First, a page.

Monday, October 30, 2006


In August, my opponent, Rep. Brad Sherman made a public promise to many constituents that he would debate me.  He lied.

For weeks, Mr. Sherman has skipped candidate forums in the district, and ignored requests by my campaign staff to schedule an event: any time, any place. Most recently, he refused to even respond to a formal proposal that called for the San Fernando Sun newspaper to moderate a debate in the northeast San Fernando Valley in Los Angeles.

I was especially looking forward to meeting Mr. Sherman in the northeast Valley because it is an area that he publicly fought to exclude from his district, one he has utterly ignored since it was forced upon him after congressional lines were redrawn in late 2001.

In published reports in the Los Angeles Times from 2001, prominent Democrats chastised Mr. Sherman and implied that his opposition was potentially racially motivated:

     “[Sherman] has made himself irrelevant,’ said State Sen. Don Perata (D-Alameda), the chairman of the Senate Redistricting Committee. ‘He would like to have sort of a white-bread district and is having a real hard time understanding that the population of California is changing, particularly in Los Angeles and the San Fernando Valley.’ He called Sherman, ‘as self-serving as anybody I’ve met.’
     (“Neighboring LA Democrats Trade Barbs Over Redistricting,” Michael Finnegan, Los Angeles Times, September 8, 2001)

     “[State Sen. Richard Alarcon (D-Sylmar)] also said Sherman has ‘fought vehemently and publicly to reduce the number of Latinos in his district. There are some fences that need to be mended. He needs to let the Latino community know that he supports them as a community.’
     (“Remapping Plan Fails To Appease Latinos,” Michael Finnegan, Los Angeles Times, September 11, 2001)

Now, I absolutely reject the notion that Brad Sherman is a racist—I simply do not believe it. But Brad Sherman is a politician. He sees people in this district as voter registration statistics, not constituents, and has done so for the last four years.

I have no doubt that he fears his act will not play as well in the Northeast Valley as it does in upscale Sherman Oaks, where he has a home. That said, his decision to simply ignore the Northeast Valley for years is infuriating, and it makes no sense, political or otherwise.

My partner in life happens to be Latino—first generation American, in fact.  When elected, I will represent everyone in this District...regardless of where they live, or their political party affiliation.  It's seriously time for a change.

Wednesday, October 25, 2006

Valley is DUE for a CHANGE...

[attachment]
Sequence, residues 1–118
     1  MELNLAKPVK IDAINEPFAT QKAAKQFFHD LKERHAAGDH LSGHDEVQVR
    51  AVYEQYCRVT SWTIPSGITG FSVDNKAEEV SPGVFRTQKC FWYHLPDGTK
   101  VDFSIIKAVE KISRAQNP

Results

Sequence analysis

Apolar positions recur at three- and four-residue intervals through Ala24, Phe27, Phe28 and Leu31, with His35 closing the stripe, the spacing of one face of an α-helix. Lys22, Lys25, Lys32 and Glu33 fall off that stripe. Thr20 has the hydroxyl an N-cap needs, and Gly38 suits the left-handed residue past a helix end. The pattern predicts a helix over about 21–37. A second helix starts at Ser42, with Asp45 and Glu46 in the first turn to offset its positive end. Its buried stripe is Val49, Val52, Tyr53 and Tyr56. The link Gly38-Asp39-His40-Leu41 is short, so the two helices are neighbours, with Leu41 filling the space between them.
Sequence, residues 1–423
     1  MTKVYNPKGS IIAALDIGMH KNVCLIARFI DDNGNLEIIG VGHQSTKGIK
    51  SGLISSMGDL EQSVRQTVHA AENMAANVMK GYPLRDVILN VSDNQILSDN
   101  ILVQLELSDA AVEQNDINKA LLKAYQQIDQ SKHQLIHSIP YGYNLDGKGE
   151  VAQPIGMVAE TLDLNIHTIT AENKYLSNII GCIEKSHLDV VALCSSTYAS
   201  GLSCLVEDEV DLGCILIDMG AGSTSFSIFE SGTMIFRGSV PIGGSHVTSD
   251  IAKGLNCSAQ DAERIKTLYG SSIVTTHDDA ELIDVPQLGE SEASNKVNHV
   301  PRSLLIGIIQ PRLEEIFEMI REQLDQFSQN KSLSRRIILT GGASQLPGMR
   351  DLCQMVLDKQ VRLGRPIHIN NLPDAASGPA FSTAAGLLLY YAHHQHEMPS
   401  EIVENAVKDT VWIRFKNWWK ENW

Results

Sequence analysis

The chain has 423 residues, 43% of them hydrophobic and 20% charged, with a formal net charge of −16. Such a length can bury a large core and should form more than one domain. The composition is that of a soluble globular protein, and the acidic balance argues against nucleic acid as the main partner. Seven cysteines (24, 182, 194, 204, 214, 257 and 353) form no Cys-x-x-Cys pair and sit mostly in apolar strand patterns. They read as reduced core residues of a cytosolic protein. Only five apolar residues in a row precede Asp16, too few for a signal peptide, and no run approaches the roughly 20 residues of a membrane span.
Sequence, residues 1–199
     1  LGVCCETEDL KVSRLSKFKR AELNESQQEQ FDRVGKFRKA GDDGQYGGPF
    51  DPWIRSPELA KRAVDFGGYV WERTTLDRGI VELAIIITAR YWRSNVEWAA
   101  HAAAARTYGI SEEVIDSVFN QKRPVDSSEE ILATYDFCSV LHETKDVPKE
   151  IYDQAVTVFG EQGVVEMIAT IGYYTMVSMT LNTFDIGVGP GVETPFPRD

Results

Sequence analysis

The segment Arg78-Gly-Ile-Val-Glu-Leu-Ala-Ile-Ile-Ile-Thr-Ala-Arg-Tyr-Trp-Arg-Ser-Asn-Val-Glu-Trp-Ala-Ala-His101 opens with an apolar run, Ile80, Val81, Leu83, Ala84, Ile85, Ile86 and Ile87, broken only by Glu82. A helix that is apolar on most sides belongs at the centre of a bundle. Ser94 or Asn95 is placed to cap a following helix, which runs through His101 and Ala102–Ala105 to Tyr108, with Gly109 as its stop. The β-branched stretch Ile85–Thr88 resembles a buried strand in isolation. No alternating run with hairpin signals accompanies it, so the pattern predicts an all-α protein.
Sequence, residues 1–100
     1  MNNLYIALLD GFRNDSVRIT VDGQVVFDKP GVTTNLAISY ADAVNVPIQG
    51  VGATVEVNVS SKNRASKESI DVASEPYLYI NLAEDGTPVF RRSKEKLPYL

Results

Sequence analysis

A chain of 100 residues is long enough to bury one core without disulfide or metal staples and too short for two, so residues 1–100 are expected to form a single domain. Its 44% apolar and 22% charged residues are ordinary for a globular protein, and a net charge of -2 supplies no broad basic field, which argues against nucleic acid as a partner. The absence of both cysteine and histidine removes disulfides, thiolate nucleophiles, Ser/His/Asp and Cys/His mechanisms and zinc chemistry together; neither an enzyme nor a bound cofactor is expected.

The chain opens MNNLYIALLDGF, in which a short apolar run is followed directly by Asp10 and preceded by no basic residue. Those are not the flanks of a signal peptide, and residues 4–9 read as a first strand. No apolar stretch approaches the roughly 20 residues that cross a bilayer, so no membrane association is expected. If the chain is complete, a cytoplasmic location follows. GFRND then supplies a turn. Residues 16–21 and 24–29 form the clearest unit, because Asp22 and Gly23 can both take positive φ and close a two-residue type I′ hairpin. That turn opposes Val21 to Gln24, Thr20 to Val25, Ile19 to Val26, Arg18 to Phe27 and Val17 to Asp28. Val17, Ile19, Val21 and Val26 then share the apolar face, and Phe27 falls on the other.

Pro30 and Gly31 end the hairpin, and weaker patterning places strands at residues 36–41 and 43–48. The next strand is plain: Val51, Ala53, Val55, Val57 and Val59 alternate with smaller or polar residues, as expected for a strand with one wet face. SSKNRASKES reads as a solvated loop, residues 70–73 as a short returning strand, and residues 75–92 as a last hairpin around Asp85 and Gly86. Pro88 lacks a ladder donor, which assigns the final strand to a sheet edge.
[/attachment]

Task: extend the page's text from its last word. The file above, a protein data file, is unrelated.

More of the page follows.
The San Fernando Valley of Los Angeles has a justifiable “chip on its shoulder.” Despite being part of the City of Los Angeles, it has long been treated as a second-class citizen by local government, a source of great frustration and anger for many Valley residents.

In 2002, this bipartisan issue became so acute that the Valley residents actually voted overwhelmingly to secede from the City of Los Angeles, and GOP Assemblyman Keith Richman (pictured below) was provisionally elected “Mayor of the San Fernando Valley.” Ultimately the initiative was defeated by a majority of the Los Angeles voters from other parts of the City, though the Valley’s discontent remains.

According to the California Institute for Federal Policy Research, the imbalance between what California pays the federal government in taxes and what it gets back in the form of federal funds has gotten worse every year since my opponent, Rep. Brad Sherman, took office. In 2003—the most recent year for which data is available—Californians sent $50 billion more to Washington, D.C., than they got back in return: a record high for any state in the country.

“Getting the Valley its fair share” is the central theme of my campaign. The message is resonating because, with the exception of naming a local Post Office or two, Brad Sherman, has done almost nothing for the 27th District.

In fact, in its 2006 “Power Rankings” of Members of Congress, ranked Brad Sherman a dismal 349th out of 435. As an explanation for Sherman’s low score, the website noted: “Average tenure and committee position, but did not advance any legislation in 2005.”

The “fair share” concern is real. It is powerful, populist and bipartisan. Brad Sherman cannot go near it because of his admittedly undistinguished Congressional record in this area. The same sentiment behind “fair share” that was strong enough to move the Valley to literally vote to secede from the City of Los Angeles, is also strong enough to vote out a do-nothing Congressman.

Please share your thoughts with me, and help us win this election, so I can effectively represent everyone in our District... []